By Jerry Del Colliano
Inside Music Media
EXCLUSIVE TO RADIOINFO AND TALKERS
Millennials have their own technology just as baby boomers had records, radio and TV.
Except technology has very little to do with the impact that “Generation Y” is making on media and just about everything else.
Sure there is Facebook that they went to college with, and Napster that helped disrupt the record business, iPads, apps, smartphones, Instagram and their latest devilish work – to unbundle cable and make Netflix the new standard for the on-demand content they, well – demand.
Radio consolidated about the time the first Millennials were in grade school and the industry just assumed that young listeners would always be there to like radio.
The music industry that consisted of old white men who were lawyers thought Napster needed to be sued out of existence – and they succeeded.
But the damage was already done.
By Walter Sabo
NEW YORK — This is my experience. In my work, I have seen businesses grow and prosper when they embrace new, daring ideas based on marketplace demand. The winners are nimble organizations that jump on the neat idea and focus on the product, not organization politics. When fear of new ideas sets in and a business allows staff positions to grow too big and powerful, those businesses implode.
The current economic depression celebrates “operators” — executives with shrewd “operating” skills who are known for their ability to cut costs, cut staffs, sell their story to Wall Street and keep their company within its COMFORT ZONE. They do not have nor are required to have vision. Knowing what’s next is the key to growth in any industry. No vision, no growth.
Today, media businesses are excited when they show quarter-to-quarter, year-to-year growth. But this is false growth. Compare any media business with 2007 revenue figures and business is down. Five years after the depression began, revenue is still down.
Sun Broadcast Group, Inc.
NEW YORK — It was another sad week for network radio as more great people: mothers, fathers, sons and daughters… dreamers of great ideas, writers of great content, communicators of the stories that shape our world, were sent to the unemployment line. Was it greed? Was it failure to evolve? Was it competition? Maybe. But in my humble opinion it was something simpler yet more devastating… Fear. Fear to be bold, fear to take risks and most important, fear to defend.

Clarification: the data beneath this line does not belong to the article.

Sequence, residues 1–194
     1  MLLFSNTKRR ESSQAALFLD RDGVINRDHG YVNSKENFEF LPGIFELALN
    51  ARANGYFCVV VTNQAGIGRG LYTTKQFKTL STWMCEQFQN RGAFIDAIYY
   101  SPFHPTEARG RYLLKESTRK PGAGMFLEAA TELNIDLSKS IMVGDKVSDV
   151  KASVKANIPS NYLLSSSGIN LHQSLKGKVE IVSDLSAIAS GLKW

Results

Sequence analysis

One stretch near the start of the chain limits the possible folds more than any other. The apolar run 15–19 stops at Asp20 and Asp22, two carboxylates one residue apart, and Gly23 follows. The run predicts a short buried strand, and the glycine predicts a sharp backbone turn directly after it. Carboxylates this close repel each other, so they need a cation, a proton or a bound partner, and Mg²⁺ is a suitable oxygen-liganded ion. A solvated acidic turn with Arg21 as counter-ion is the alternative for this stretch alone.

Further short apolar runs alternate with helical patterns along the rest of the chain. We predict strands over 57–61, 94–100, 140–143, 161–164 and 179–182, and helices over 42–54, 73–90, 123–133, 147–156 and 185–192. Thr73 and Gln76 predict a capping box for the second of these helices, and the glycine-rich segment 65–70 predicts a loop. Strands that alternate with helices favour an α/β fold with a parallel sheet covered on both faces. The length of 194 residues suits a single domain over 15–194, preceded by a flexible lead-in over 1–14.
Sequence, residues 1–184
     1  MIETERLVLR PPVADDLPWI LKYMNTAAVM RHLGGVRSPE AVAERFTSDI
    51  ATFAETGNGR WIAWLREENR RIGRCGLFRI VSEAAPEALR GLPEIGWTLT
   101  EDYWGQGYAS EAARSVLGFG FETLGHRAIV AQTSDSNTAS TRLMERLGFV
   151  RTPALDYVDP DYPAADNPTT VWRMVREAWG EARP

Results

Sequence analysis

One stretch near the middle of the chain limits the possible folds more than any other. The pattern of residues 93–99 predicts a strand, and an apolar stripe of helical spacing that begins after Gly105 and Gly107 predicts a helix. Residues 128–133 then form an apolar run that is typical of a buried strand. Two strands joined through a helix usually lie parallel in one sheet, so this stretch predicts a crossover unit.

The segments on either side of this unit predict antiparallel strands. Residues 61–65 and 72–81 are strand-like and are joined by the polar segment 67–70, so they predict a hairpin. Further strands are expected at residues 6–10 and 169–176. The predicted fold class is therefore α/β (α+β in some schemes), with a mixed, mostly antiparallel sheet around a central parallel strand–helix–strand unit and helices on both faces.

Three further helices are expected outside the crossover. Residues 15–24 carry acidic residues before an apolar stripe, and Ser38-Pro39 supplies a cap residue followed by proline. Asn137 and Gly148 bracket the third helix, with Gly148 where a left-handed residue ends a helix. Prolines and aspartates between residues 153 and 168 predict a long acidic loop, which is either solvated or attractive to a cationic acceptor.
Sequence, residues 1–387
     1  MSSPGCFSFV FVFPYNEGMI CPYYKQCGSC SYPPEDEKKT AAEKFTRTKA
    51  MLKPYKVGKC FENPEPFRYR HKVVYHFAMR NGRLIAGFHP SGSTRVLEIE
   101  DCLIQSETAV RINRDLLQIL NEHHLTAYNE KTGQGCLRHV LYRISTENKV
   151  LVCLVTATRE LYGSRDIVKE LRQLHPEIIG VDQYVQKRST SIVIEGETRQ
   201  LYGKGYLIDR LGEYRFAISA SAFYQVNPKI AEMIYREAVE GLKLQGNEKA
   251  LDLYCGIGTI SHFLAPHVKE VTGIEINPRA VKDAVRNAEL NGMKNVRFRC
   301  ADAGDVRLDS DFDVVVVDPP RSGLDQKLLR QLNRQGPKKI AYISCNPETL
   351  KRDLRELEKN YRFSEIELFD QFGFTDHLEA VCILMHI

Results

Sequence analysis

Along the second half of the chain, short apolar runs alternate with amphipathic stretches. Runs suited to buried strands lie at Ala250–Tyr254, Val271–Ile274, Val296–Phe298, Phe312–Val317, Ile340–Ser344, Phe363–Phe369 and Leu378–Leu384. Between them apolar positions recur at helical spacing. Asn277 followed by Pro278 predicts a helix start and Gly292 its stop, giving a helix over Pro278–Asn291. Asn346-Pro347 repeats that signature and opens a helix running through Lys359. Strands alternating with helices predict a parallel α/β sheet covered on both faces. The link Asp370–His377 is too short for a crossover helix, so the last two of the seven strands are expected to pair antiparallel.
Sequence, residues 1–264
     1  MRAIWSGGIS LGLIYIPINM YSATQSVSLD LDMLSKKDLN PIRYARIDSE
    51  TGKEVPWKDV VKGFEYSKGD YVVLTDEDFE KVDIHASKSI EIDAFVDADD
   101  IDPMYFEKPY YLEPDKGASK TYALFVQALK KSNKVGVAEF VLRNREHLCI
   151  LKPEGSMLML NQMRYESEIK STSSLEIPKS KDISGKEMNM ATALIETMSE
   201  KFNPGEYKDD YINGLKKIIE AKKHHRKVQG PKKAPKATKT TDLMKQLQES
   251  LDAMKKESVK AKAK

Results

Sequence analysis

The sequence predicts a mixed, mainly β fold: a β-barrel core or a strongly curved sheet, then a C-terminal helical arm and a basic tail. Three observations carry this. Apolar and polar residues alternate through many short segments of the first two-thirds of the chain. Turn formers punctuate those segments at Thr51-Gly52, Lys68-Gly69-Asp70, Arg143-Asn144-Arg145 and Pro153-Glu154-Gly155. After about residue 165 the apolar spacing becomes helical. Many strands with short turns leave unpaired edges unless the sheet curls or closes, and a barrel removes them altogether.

More Thoughts from the Recent New Media Expo
By Holland Cooke
BLOCK ISLAND, RI — In olden times, radio, like other ad media, sold exposure, audience tonnage. Sales reps would show-off ratings rankers… which I always thought was daffy. Would you go to a job interview with nine other applicants’ resumés?
• But there our call letters were, in black and white, atop the page of whichever-demographic-we-sorted. Reps recited the Reach + Frequency spiel, promising that a radio ad schedule would help the retailer “build brand.” “We’ll make you the best-known” among all-who-sell-what-you-sell. Repetition, y’know?
• Fast forward to present day: Mere message exposure doesn’t do it anymore. The E-word en vogue is engagement, and money is flowing to digital opportunities that talk-with customers, rather than simply talk-at-‘em.
By Holland Cooke
LAS VEGAS — Remember how iPod changed the way we collect and consume music? Decades earlier, Walkman had already rendered songs portable and empowered the listener-as-DJ. Then Apple obsoleted its own game-changer. As lines snaked around the block, again, for 2012′s iPhone 5 debut, sales of iPod and other mp3 players were plummeting 22%. We now tote our tunes on smartphones…which have also disrupted cameras, GPS, etc., etc., etc.
And again this week, 150,000 attendees here oooh’d-and-ahhh’d at 20,000 new products, many seeking to obsolete last year’s 20,000 shiny objects. That alone makes this a useful trek for radio folk. The CES conversation about what’s-new/what’s-next is a real pump-up compared to the “What’s left?” that haunts too much of radio’s shop talk.
By Holland Cooke
MCVAY/COOK & ASSOCIATES
LAS VEGAS –– They hadn’t even cut the ribbon to open CES2012 when the biggest radio story broke. Research In Motion admitted to something Apple won’t: There’s a sleeper chip in phones already in use –– RIM’s Blackberry Curve 9360 and 9380. Just download an app, and you activate the FM receiver you didn’t know you were walking around with.
Why this is big:
• Suddenly, there are millions of new radios. Researchers presenting at CES told us that half of all Americans now tote a smartphone.
• Radio is back in the pocket, for the first time since the 1960s.
• You can hear local stations’ over-the-air signals, which don’t consume your wireless data ration the way streaming does.
• Blackberry’s move should nudge Apple to respond.
Why this is a win-win-win-win-win: